Overcoming Resistance to PD-1 Blockade Therapy
Antoni Ribas M.D., Ph.D.
Department of Medicine, Division of Hematology/Oncology; Department of Surgery; Department of Medical and Molecular Pharmacology, University of California Los Angeles (UCLA), and the Jonsson Comprehensive Cancer Center at UCLA, Los Angeles, CA
Primary resistance to PD-1 blockade therapy is most frequently mediated by a lack of intratumoral tumor antigen-specific T cell infiltration, as if there are no T cells they cannot be inhibited by PD-1:PD-L1 interactions inside the tumor. This could be because the patient’s immune system has not been able to recognize the cancer cells differentially from normal cells, which could be corrected by tumor antigen vaccine approaches. It is possible that antitumor T cells have been primed to the tumor antigens, but that these T cells are inhibited upstream of the cancer such as when CTLA-4 blocks T cell activation in the lymph nodes; in this case, a combination of anti-CTLA-4 and anti-PD-1 therapy could induce tumor responses. Other immune checkpoints may have similar effects and releasing them could synergize with PD-1 blockade therapy. Alternatively, not enough immune activation signaling could be limiting an antitumor T cell response, and combining therapy with immune activating antibodies to CD137/41BB, OX40 or CD40 may provide this signal. There may be immune suppressive factors in the tumor that need to be blocked, such as TGFb, IDO or arginase, or immune suppressive cells such as Treg or myeloid suppressor cells, and several pharmacological strategies are being developed to inhibit these factors and cells.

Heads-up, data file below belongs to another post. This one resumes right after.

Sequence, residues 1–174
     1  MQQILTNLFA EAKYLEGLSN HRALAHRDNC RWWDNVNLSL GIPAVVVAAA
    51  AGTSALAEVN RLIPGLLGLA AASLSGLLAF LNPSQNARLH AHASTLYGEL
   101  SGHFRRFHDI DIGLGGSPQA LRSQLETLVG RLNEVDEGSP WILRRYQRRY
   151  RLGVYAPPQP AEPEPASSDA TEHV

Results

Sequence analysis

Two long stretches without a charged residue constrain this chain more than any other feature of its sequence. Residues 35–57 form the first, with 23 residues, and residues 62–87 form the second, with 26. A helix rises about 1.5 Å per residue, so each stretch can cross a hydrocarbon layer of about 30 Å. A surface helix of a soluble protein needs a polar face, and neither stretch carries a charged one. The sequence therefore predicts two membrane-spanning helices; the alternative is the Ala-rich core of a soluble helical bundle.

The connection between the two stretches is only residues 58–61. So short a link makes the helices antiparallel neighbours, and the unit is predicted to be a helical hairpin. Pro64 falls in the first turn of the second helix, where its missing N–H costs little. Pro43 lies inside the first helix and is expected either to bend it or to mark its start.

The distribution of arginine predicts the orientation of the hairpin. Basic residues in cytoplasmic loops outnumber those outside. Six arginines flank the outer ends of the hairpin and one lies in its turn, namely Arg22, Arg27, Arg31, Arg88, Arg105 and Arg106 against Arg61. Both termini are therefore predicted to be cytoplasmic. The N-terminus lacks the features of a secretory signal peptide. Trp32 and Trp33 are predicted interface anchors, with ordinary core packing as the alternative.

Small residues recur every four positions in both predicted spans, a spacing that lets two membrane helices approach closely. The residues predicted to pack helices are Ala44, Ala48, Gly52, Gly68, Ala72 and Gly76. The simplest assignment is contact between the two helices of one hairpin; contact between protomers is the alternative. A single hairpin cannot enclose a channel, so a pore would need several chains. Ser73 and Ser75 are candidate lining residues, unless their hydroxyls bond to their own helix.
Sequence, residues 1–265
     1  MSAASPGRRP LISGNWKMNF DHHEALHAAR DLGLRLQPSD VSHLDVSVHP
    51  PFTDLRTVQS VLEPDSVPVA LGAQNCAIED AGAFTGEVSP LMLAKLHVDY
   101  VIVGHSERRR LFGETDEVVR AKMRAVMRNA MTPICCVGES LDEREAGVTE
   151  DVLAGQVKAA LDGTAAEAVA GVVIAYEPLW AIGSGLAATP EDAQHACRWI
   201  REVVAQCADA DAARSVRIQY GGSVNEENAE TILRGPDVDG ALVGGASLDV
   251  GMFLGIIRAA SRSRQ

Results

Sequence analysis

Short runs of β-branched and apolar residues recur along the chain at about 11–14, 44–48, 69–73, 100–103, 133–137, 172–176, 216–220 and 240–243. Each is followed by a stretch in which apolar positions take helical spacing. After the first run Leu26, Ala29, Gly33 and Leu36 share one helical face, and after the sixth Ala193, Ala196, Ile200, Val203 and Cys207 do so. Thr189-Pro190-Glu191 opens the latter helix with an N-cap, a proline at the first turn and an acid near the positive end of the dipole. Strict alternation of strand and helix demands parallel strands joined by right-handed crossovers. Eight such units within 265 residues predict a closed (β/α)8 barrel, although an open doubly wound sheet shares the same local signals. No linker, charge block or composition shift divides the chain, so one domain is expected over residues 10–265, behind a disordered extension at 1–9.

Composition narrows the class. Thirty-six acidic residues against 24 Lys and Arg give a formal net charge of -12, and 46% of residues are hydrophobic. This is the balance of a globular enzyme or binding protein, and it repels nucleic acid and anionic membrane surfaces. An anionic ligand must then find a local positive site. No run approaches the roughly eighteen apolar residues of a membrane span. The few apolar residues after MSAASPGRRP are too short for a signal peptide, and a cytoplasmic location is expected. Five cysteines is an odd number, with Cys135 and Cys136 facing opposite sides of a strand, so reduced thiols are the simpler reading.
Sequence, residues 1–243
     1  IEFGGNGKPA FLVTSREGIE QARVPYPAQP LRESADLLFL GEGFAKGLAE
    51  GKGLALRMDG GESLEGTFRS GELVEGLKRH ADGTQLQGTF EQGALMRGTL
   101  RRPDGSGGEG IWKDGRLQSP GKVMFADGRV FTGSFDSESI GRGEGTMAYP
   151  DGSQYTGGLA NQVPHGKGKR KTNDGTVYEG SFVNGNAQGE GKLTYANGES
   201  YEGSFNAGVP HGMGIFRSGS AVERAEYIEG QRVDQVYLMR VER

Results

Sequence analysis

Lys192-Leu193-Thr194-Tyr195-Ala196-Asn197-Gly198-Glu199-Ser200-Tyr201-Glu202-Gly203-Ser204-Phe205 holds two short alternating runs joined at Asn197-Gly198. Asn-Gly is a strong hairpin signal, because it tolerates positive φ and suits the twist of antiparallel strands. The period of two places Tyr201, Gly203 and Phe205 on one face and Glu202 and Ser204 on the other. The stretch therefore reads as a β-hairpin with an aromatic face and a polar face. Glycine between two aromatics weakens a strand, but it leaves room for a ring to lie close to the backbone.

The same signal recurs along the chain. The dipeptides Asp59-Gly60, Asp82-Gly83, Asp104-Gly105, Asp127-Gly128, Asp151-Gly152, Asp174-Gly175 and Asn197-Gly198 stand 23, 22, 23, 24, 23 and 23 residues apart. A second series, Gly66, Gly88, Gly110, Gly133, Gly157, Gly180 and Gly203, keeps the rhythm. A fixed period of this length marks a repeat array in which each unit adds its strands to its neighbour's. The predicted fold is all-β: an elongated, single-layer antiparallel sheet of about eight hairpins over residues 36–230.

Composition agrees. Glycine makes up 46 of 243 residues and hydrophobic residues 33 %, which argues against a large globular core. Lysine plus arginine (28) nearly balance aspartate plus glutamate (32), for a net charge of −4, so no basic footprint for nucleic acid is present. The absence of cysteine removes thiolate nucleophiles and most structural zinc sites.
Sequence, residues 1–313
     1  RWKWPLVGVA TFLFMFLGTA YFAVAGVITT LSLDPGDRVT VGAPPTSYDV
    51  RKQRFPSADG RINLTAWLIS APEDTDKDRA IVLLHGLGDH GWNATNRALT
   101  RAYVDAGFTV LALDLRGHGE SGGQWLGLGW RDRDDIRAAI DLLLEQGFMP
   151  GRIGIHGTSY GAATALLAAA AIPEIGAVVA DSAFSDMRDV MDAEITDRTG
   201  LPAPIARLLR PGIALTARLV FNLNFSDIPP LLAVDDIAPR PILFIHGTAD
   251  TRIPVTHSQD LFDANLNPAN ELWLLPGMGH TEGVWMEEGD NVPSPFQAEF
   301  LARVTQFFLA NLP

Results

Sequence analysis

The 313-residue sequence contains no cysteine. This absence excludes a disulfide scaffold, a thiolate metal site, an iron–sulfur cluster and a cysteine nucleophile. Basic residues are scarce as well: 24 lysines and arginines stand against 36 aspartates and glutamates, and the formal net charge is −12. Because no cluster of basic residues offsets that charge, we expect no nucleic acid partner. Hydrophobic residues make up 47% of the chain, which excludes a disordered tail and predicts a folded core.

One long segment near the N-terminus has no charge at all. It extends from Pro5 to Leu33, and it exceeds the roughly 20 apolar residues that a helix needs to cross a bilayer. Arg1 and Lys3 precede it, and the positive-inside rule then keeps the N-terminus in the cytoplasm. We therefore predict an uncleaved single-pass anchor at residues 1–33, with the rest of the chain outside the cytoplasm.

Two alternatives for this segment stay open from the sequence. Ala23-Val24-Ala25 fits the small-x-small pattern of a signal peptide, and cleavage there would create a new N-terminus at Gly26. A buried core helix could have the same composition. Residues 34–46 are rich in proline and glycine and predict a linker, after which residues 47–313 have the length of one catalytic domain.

Finally, if a cancer had a genetic alteration that led to inability to respond to interferons, then this cancer would not be protecting itself from immune attack by expressing PD-L1, and therefore it would be useless to block it. We identified genetic mutations in JAK1 and JAK2 controlling signalling downstream of the interferon receptor that prevent PD-L1 upregulation on melanoma cells upon interferon gamma exposure, which are associated with primary resistance to PD-1 blockade in patients. Whole exome sequencing of metastatic melanoma biopsies from 23 patients treated with pembrolizumab revealed a JAK1 missense mutation with chromosomal amplification in the tumour with the highest mutational load in a non-responding patient. In a second cohort of 16 patients with mismatch repair deficient colon cancer treated with PD-1 blockade, a homozygous JAK1 loss-of-function mutation was similarly found in the tumour of a patient without an objective response to PD-1 blockade. In this situation, it is unlikely that a combination immunotherapy strategy will be able to reverse primary resistance to PD-1 blockade therapy.
Acquired resistance to PD-1 blockade therapy develops in approximately 25-30% of patients who initially had an objective tumor response to therapy. Comparing biopsies of melanoma before starting on anti-PD-1 therapy with the tumors that relapsed months to years later, we again found new JAK1/2 loss of function mutations, and truncating mutations in the antigen presentation gene beta-2 microglobulin (B2M). JAK1 and JAK2 truncating mutations resulted in a lack of response to interferon gamma, including insensitivity to its anti-proliferative effects on cancer cells. The B2M truncating mutation led to loss of surface expression of the major histocompatibility complex (MHC) class I. Recognizing these pathways to acquired resistance suggests that a better front line therapy that eliminates all residual cancer cells using upfront combination immunotherapy would be more beneficial than trying to reverse acquired resistance once it has been established.
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